Black vinegar is amber-colored, with a mild acidity and robust aroma. It’s primarily brewed from brown rice and undergoes a long fermentation period.
Black vinegar, or kurozu (黒酢), is aged rice vinegar. It is usually aged for one to three years in clay vessels, compared to regular rice vinegar, aged for three months.
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What Is Black Vinegar
Black vinegar is a smooth and earthy jet-black vinegar used in Asian cuisine.
While different versions of the condiment exist throughout Asia, such as China, Taiwan, and Korea, Japanese black vinegar is made from brown rice. It is darker in color and flavor and has a distinct smell.
The condiment is also very popular in southern China. Chinese black vinegar can be made from wheat, millet, sorghum, or glutinous rice. The inky black condiment is bold, flavorful, and funkier than the Japanese version. For the best, look for Chinkiang Vinegar/Zhenjiang Vinegar (镇江香醋), which originated in Zhenjiang and is made from fermented black sticky rice.
The bottle below is from Kagoshima prefecture (southern Japan).
What Does It Taste Like
The taste is milder, less acidic than regular rice vinegar, and has a malty, smoky, and deeper umami-rich flavor. Long-aged vinegar has a more complex flavor.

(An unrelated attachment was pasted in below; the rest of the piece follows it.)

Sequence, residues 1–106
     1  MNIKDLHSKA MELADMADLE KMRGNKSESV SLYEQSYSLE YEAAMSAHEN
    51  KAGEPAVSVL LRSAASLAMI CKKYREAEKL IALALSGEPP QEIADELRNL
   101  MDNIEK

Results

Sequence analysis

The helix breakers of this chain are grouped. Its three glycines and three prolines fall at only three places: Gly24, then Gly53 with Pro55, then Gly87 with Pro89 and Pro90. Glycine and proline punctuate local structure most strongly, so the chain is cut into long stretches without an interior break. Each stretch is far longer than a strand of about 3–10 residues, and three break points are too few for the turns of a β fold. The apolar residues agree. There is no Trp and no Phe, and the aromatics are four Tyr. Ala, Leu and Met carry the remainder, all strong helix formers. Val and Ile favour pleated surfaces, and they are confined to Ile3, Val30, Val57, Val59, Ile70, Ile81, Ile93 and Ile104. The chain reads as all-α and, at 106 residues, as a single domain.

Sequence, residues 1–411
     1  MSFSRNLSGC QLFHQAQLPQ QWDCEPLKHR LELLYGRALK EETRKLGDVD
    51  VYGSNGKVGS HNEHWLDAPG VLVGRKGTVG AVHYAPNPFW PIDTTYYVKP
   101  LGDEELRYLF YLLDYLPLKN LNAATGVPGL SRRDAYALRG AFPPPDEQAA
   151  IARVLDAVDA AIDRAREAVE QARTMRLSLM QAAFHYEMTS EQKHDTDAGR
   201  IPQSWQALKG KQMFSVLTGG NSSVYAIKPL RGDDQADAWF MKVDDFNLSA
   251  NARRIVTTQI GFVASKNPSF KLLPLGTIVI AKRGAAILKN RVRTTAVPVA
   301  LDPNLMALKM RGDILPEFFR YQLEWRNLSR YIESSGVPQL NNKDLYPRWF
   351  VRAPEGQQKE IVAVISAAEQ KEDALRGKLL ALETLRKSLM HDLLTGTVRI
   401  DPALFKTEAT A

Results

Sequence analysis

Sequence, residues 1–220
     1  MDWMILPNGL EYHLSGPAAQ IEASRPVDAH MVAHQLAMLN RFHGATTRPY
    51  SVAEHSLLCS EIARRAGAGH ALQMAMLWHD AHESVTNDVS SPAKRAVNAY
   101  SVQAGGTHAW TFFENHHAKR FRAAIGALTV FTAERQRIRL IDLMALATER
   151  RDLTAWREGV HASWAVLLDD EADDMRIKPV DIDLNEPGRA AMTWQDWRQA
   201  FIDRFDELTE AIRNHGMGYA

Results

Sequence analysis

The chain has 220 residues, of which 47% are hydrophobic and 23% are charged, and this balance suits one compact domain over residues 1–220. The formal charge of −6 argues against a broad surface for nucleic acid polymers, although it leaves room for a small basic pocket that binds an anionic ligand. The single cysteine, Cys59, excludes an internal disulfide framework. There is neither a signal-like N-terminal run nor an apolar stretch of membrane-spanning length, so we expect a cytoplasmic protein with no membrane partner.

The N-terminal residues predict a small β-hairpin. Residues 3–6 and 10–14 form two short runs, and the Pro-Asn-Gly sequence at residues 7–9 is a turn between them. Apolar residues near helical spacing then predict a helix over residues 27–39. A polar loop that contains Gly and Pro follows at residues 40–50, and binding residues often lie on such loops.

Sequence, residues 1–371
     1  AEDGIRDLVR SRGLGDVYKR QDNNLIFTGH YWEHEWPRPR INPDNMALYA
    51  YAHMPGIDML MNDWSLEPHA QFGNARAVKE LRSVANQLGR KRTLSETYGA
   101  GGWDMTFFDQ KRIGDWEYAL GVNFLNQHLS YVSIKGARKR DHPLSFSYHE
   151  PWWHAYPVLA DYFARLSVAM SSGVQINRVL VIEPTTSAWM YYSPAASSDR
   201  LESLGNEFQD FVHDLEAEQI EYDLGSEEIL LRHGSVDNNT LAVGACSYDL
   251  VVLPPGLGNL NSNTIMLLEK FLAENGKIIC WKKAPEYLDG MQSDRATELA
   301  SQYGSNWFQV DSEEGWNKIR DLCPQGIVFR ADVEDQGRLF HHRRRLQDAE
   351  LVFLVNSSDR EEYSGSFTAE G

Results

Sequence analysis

How To Use
Use it like regular rice vinegar. Use as a dipping sauce for dumplings, to add flavor to noodle dishes and stir-fries, salad dressings, and more.
Where To Buy
You can purchase this black vinegar at Japanese grocery stores (I get mine at Nijiya Market). There are also other online stores that sell it.
How To Store
Keep opened bottles upright and store them in a pantry.
You can swap it for regular rice vinegar. Grain-based, white wine, and malt vinegar tends to be sharper than rice vinegar, so add sugar to tone it down if necessary. Some websites suggest using balsamic vinegar in a pinch, but I don’t recommend it as it tends to be sweet and syrupy.